Camps Share Their Wisdom.Network! The more people you know the more you will know as you can draw on their experiences. Go to conventions and programs and you are likely to develop new relationships. Go and work with other farmers and help them do what you want to learn. Your network will provide referrals to other people you need to accomplish your goals. Be seen and get associated in other people’s mind with both what you are doing and what you plan to do. You need to know many people. It is the only way your farm will survive. You will need the wisdom of a lot of people with knowledge about many things.
Todd and Melissa Camp of Ciao Bella Farm in central Ohio are both really excited about their farm. While they have many and varied professional interests they also recognize that they have time to develop their farm, their vineyard, and their dream to operate a B&D (Bed and Dinner) which features food and drink from on-farm products. They find this farm venture truly inspiring and know that they will continue to farm. It is who they are.
In 2008 Todd and Melissa planted about a half-acre garden with a goal of selling at a farmers’ market for the first time. They also started some grape vines to plant in the spring of 2009.
To increase the sustainability of their farm, Todd and Melissa made several changes that result from their participation in Wisdom in the Land.
Resources. To protect their garden and large space on the perimeter for grape vines from two deer herds that regularly visit their farm, Camps put in a solar-charged electric deer fence. To train deer to avoid the garden area the fence was baited with peanut butter, and after a few electric shocks the deer developed a new path. The garden is on a 25% sloped hillside on which Camp built raised beds, which they will continue to build up. The beds are plowed and the pathways around them mowed regularly by neighbors. High potency vinegar may be required but no pesticides will be used for weed control. To enrich their soils, Camps started composting getting manure and rotting straw bales from area neighbors, and collecting grass mowed on two acres of their own land. To accomplish the latter, Camps bought a garden tractor and grass catcher. Last year’s garden area was converted to a chicken yard. With an eye toward the future, Camps built a shed that is dedicated to plant propagation. It is equipped with water and lights and is near their house. Ciao Bella Farm is located amidst conventional farms and on a road not far from a busy highway and the garden is visible from the road. Just a year ago when they moved to their farm, Camps knew no one. Farm neighbor and area residents buy eggs and stop by because they are curious about what Camps are doing. Todd’s art studio is visited by home-schoolers and Boy and Girls Scout troops. A conventional farmer and neighbor crop-shares hay raised on their farm, and Camps sold their share in two days through on-line advertisements placed on Craigslist, an online community that features local classifieds and forums for more than 500 cities in over 50 countries worldwide - community moderated, and largely free. Camps experience and appreciate the resource of neighbors and passersby. Todd spends a lot of time waving and energetically shows others what they are doing on their farm, in both cases working to break down any barriers that may exist to their being a true member of their geographic community.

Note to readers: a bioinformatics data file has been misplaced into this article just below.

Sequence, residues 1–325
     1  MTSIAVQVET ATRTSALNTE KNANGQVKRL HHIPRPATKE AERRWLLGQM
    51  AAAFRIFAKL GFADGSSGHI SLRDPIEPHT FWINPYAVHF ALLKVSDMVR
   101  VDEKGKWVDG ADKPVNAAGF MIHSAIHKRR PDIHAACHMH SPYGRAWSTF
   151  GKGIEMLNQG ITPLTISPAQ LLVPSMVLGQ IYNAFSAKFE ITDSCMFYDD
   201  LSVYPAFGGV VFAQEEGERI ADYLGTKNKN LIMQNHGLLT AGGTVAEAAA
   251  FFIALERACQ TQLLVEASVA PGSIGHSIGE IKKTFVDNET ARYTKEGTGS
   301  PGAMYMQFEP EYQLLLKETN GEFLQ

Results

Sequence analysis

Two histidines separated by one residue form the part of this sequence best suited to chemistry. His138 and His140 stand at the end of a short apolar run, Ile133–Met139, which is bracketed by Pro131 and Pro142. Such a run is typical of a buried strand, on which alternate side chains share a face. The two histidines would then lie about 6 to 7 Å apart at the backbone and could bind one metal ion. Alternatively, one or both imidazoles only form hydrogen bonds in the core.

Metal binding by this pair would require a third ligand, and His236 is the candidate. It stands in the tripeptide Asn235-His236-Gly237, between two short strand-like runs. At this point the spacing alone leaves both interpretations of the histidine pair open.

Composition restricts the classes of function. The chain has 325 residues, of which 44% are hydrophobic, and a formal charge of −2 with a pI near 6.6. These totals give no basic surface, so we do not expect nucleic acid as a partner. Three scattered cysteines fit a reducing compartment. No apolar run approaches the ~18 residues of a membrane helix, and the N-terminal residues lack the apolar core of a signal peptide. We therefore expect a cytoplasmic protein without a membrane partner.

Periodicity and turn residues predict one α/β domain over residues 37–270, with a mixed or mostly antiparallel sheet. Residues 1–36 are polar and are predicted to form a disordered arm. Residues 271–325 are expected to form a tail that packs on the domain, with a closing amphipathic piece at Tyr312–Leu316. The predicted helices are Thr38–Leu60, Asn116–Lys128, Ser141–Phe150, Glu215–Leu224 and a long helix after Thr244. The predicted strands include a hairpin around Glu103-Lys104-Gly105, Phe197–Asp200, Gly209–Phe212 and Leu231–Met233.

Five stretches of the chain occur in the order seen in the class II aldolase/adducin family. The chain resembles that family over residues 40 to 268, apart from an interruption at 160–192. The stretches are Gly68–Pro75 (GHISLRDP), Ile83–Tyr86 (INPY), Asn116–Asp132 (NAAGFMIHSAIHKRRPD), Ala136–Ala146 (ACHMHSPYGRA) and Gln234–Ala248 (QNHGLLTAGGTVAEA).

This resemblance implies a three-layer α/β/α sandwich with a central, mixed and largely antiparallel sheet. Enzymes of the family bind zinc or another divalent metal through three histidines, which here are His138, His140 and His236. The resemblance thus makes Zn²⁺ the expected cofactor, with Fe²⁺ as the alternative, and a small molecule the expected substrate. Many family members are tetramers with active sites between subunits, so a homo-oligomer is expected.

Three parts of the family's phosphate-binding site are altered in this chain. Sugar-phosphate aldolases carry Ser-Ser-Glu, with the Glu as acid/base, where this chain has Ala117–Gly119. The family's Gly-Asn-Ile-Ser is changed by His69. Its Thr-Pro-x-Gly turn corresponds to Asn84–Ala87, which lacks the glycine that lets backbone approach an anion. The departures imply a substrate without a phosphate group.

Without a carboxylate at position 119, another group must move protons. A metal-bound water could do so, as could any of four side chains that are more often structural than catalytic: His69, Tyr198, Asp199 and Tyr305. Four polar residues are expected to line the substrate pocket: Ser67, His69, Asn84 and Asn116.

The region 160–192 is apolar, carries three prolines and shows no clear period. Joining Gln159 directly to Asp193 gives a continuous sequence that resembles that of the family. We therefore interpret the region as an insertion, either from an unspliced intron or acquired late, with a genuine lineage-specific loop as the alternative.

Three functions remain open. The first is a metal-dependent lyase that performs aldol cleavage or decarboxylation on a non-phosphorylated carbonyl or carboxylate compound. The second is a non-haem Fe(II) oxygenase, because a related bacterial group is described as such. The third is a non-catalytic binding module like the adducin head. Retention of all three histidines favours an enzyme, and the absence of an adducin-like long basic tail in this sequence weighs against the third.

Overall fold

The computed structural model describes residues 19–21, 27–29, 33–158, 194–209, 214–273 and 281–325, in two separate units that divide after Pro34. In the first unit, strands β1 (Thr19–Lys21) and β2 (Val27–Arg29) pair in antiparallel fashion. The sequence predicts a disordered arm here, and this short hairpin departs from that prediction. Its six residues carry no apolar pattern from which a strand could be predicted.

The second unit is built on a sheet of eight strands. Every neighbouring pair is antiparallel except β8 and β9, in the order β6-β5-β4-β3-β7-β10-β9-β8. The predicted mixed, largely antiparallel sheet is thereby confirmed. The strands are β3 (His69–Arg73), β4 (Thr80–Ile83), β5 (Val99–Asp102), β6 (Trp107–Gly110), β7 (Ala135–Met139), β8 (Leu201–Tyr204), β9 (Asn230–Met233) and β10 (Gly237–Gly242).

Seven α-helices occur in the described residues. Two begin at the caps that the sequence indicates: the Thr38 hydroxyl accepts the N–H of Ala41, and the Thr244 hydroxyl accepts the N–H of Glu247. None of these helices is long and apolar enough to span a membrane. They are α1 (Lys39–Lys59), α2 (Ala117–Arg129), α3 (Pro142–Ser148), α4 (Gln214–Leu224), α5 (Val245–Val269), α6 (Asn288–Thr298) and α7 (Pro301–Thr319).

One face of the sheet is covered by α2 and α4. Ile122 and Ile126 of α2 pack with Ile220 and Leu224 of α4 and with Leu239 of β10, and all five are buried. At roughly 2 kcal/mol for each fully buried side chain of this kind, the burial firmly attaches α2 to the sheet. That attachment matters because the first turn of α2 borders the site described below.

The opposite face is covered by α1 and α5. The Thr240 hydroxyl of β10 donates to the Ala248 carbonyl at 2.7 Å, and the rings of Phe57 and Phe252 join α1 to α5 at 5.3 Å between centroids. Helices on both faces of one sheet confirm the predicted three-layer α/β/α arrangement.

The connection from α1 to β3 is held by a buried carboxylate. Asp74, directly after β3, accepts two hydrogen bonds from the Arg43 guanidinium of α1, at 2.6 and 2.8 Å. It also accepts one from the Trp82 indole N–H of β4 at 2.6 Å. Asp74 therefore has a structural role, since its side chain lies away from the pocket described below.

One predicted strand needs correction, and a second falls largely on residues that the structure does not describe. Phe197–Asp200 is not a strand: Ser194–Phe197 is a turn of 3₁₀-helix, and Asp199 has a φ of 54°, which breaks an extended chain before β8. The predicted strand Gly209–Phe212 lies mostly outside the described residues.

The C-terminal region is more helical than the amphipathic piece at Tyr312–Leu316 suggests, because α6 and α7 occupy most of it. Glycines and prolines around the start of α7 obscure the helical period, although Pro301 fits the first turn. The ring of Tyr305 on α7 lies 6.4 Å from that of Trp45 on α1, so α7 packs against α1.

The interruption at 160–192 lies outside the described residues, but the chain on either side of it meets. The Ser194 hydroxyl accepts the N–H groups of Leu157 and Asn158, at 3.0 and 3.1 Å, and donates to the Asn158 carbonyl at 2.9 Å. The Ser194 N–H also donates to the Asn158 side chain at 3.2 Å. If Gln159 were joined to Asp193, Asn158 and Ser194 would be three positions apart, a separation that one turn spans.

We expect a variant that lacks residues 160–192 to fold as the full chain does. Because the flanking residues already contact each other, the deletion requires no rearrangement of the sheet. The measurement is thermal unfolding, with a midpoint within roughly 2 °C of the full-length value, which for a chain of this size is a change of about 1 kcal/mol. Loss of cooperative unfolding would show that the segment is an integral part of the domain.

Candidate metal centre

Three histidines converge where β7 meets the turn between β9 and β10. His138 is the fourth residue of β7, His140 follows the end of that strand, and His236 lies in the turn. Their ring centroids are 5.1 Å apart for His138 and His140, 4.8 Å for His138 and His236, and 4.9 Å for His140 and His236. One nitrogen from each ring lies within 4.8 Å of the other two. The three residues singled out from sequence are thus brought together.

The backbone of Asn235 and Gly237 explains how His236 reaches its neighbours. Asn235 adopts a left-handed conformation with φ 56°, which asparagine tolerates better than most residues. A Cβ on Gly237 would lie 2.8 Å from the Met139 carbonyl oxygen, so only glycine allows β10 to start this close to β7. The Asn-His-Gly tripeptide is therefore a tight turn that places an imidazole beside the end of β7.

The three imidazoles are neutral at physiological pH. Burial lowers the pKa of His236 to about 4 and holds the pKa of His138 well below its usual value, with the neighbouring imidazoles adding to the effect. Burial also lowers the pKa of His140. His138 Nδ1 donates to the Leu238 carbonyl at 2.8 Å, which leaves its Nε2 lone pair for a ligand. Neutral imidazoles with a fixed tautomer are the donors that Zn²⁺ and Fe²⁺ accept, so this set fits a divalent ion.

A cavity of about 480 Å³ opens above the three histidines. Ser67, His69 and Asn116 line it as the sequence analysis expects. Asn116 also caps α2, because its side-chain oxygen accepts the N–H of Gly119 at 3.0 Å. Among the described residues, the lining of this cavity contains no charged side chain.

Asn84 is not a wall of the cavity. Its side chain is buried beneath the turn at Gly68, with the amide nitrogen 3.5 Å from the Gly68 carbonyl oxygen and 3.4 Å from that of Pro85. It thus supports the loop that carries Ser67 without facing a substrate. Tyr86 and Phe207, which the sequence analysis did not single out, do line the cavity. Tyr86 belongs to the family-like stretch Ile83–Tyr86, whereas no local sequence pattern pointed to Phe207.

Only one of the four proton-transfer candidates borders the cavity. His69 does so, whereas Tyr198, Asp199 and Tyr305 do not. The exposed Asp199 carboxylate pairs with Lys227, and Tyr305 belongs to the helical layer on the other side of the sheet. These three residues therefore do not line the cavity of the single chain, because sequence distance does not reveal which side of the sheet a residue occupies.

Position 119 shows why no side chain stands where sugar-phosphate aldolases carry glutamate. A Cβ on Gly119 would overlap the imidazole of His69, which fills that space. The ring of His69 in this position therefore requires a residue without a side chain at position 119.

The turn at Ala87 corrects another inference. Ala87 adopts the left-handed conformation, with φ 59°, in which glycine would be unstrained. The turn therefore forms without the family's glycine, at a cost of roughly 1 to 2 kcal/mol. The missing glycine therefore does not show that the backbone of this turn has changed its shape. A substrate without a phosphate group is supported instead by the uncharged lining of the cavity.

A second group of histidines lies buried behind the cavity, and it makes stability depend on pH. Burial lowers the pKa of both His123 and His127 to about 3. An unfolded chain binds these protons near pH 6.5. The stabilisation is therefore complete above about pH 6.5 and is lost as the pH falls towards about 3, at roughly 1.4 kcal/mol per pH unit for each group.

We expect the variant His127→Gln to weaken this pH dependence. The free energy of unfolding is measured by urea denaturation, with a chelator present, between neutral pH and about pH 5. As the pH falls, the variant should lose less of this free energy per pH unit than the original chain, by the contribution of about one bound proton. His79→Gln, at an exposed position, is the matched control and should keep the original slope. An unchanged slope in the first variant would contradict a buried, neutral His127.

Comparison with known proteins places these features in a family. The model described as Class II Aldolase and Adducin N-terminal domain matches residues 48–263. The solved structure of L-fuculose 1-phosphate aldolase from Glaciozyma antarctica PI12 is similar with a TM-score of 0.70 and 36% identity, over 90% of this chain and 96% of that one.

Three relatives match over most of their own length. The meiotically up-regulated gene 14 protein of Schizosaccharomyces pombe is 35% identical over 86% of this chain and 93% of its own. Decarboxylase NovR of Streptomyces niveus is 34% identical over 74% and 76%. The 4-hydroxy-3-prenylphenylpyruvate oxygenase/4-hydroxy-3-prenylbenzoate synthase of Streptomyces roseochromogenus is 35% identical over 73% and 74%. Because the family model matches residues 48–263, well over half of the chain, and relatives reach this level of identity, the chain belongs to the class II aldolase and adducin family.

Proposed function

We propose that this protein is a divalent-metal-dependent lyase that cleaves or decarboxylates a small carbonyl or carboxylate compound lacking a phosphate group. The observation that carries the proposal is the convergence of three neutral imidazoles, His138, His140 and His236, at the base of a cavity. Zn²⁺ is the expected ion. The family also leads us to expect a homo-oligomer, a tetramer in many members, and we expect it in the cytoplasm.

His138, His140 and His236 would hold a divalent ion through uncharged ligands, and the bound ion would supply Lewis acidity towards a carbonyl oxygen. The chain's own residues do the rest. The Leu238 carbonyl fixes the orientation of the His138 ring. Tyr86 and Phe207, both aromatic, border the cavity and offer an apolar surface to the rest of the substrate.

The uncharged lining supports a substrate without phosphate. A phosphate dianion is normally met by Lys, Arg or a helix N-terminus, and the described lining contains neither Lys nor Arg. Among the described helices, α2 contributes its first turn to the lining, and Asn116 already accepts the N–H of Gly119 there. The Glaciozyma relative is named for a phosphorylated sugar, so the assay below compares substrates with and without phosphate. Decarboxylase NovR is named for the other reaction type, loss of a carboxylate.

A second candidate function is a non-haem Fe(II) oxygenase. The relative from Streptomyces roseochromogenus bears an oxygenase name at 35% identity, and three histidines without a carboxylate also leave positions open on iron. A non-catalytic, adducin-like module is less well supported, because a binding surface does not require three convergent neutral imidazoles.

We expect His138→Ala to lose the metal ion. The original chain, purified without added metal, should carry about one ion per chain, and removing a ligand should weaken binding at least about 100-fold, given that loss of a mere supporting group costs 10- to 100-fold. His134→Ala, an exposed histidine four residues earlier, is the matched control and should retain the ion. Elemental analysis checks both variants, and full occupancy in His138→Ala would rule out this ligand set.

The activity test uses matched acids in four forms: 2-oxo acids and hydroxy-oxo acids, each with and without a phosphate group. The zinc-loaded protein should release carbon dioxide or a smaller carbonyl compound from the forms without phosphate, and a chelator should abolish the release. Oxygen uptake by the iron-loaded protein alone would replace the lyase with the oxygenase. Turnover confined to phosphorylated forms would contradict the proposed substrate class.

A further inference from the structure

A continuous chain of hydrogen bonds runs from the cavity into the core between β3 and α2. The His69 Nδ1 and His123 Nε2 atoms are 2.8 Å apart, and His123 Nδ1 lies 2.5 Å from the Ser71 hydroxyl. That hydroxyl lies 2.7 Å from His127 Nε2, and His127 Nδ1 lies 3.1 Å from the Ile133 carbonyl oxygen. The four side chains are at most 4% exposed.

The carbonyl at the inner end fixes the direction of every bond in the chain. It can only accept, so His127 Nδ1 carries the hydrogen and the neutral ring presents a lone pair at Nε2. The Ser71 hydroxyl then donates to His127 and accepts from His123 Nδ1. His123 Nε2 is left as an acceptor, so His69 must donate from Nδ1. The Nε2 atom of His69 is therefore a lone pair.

Production. Camps neglected to anticipate the need for irrigation and therefore their produce was delayed and limited the first year. Melissa, pregnant with their first child, was less able to work in the garden than she had anticipated, beginning in June. Both situations adversely affected the quality and quantity of produce. Rather than go to a farmers’ market in 2008 they plant to freeze baby food. They have 25 naturally raised layer hens and operate a self-serve from a refrigerator in their barn. The demand far exceeds their egg supply. The chicken yard is planted with a special mix designed to increase the Omega-3 in their eggs. In 2008, most vegetable seeds and grape vines were purchased directly from Italy. They planted 36 varieties of tomatoes.
Business. Anticipating future opportunities to go to farmers’ markets, Todd and Melissa go to markets every weekend to see what people are selling and how they manage their market site. As both have very demanding summer work commitments other than their farm and are new parents, Camps plan to continue to sell to one area restaurant and to do on-farm sales rather than go to a farmers’ market.
Todd and Melissa Camp
Ciao Bella Farm
2287 Montgomery Rd. N.E.
Newark, OH 43055
Todd and Melissa bought 8.5 acres in 2007 and began raising vegetables, flowers, herbs, layer chickens, and honey for market. They are committed to organic production methods. Their plan is to establish a vineyard, likely low-input rather than organic, producing grape juice on the farm and selling grapes for wine production. Melissa works almost full time as a director of a non-profit farm center and Todd is a practicing artist whose studio is at the farm. The also had lifetimes of small-scale gardening. The Camps became first-time parents in August 2008 and look forward to involving their son in their family farm.